Last year, I began a project using the Yoga Sutras of Patanjali as a framework for looking at gentle parenting and mindful living off the mat. I left the series for awhile as I explored some natural tangents into Buddhism. But, I’m ready to return to the Yoga Sutras. I’ll begin with my original post in the series here, reflecting further on Sutra 1.1 in a later post. I hope you enjoy this reboot.
Saving-face: Adding second-face to the preface
Or the esoteric subtitle: Introduction to the Mama Sutras
Sutra 1.1: “Now is the Time for Yoga” Part the First
One of the projects I am exploring with TouchstoneZ is life off the yoga mat. And I plan to do this by thinking about and utilizing “The Yoga Sutras of Patanjali” in daily life, which means mostly while parenting and spousing (or espousing, as the case may be.) So, for those not familiar with the Yoga Sutras or even yoga, I reassure you (please bring those glazing eyes back into focus) that this will be accessible to other parents (especially the crunchy ones) regardless of any interest in Yoga.
I spend a good portion of my time practicing Yoga “on the mat.” By Yoga, I don’t just mean yoga asanas, or postures that you perform in a studio on a sticky mat. Asanas are a preparation for the body to be able to sit comfortably. But, Yoga as a whole really is just a way to practice how to sit comfortably with emotions, physical sensations, outside stimuli, and philosophical ideas (both deep and shallow.) I think most people are more familiar with yoga as an asana class, and this familiarity with one limb of Yoga is readily accessible to understand the whole. If you’ve ever been in (or seen) an asana class where the teacher asks the students to hold Warrior 2 (Virabhadrasana II) for an unreasonable amount of time, then you can begin to understand what I mean. Imagine you are standing in Warrior 2 (please stay with me now. It’s a meta-four, ya’ see) and your front thigh begins to demand your attention, along the lines of the unreasonableness of holding the pose for one moment longer. Thoughts arise, such as:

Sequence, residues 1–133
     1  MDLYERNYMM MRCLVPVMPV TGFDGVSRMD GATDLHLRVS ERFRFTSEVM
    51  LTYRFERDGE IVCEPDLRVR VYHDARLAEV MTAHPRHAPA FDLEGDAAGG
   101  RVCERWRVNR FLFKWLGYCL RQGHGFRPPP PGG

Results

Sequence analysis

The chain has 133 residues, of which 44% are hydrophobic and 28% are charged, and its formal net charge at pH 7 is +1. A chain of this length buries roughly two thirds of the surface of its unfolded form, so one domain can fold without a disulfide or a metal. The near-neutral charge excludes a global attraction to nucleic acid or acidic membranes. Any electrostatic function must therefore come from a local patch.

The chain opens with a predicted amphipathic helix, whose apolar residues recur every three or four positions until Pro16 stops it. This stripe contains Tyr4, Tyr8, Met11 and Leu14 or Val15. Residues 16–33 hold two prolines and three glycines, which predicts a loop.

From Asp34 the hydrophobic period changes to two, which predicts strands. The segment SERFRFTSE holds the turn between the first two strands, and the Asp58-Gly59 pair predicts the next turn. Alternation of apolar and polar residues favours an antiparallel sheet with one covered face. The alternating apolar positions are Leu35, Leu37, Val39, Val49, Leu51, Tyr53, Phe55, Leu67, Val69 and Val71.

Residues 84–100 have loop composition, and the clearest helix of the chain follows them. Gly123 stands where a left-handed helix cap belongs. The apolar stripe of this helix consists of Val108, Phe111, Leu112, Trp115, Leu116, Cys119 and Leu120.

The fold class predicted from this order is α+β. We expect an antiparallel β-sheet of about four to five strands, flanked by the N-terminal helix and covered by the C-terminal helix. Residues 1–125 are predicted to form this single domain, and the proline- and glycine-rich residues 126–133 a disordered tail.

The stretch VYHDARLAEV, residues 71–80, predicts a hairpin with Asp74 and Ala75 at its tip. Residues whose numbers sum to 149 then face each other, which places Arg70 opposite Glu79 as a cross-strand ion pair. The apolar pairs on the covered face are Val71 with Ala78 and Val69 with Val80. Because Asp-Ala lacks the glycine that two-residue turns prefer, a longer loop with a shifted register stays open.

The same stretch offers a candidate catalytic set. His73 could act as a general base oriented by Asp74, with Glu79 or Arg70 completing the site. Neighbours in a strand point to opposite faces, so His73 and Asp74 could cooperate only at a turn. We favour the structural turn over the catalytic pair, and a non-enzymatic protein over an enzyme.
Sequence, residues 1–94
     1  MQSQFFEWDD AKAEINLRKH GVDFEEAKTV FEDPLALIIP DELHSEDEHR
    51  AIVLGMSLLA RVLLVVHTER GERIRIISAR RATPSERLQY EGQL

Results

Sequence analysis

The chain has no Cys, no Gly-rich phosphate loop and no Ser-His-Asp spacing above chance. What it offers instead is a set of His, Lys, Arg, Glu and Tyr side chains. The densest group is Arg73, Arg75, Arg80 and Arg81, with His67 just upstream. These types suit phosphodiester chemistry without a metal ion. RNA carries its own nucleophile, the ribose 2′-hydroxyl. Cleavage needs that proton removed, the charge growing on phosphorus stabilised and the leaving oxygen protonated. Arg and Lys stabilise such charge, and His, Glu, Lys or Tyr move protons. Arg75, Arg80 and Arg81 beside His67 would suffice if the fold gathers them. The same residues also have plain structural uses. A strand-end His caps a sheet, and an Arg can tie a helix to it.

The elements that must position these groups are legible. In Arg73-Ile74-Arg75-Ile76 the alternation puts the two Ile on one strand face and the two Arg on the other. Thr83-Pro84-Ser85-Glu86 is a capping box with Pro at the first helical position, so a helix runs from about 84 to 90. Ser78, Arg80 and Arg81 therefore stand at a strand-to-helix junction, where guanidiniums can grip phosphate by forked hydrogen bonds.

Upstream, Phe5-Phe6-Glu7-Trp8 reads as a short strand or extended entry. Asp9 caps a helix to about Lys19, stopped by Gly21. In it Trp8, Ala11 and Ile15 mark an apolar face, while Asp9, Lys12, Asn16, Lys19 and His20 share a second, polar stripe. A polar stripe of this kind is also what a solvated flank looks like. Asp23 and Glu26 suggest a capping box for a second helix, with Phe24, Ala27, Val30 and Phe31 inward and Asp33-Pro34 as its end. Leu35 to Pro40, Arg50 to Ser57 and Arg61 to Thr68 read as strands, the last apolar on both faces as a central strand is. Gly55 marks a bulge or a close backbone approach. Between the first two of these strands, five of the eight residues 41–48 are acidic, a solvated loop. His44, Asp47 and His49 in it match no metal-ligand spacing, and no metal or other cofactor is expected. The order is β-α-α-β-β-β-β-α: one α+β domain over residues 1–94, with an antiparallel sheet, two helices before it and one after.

- I can’t believe she’s making us stay here this long.
- My thigh hurts. It’s screaming.
- Easy for her to say, she’s walking around the room while I’m in pain.
- My old knee injury from college track is cropping up now.
- I can’t do this.
- I’m not doing this.
- Insert your own personal complaints here.
And whatever other things that you brought with you to the mat, such as:
- I knew this would happen.
- Look at him, he can do this pose so much better than I can.
- I shouldn’t have come to this class. No one else is struggling.
- I suck at yoga. I’m never coming back.
- Insert your own personal self-flagellations here
This is where the Yoga asana as meditation comes in. Without Yoga practice, I would follow those thoughts, like hopping a train speeding along the tracks, to the end of the line: unhappiness and suffering station. Taking my practice on the mat, to stand in Warrior 2, and remain, still and steady with all these thoughts going through my head (along with the grocery list, my eighth grade spelling bee experience, a conversation I’d had that morning, whether my comfy jeans were in thedryer, etc, etc, etc, ad naseum) without evaluating the thoughts as good or bad, is why I practice Yoga. Sure, it would be nice to have the body of that lithe ballerina b*tch in the front row, but I what I really want is to be able to sit with whatever thoughts and feelings arise in me without allowing them to rock my world. I would like to be in the habit, especially when a 4 year old presses my buttons, “These thoughts just arise as a natural occurrence in my brain when it meets a point of resistance, of unreasonableness. My thoughts are not me. My mind is not me.” However, my mind is quite clever (if I do say so with humility) at finding every route to getting me on board that train to the end of the line. My daily Yoga practice is like my free pass to get on and off the train wherever I wish, finding new tracks when the old ones are not serving me.
Sounds ideal, doesn’t it? It is ideal. My real world is like my sticky mat were covered in vomit, snot, slobber, cereal, hugs, kisses, energy, and exhaustion. So, I have to learn to practice Yoga even with all this crud covering it. I can’t wash it off and I wouldn’t want to. It is my life that I have chosen. If I want to be the parent person I want to be, I need Yoga practice. And I need to find ways to practice it off the mat because, as a parent of three small boys, even Yoga off the mat is a luxury that is necessary.
Read more in Do You Know What Sucks? PPD Sucks: Part the Second, Sutra 1.1, “Now is the time for Yoga”
Even if you have never been in Warrior 2 in your life, I will bet you can remember a situation when your thoughts tried to talk you out of doing something. How did you handle it? Did you catch a ride on your train? Were you able to observe the thoughts, be with them without judging them, and go ahead anyway?
Other Posts in The Original Series: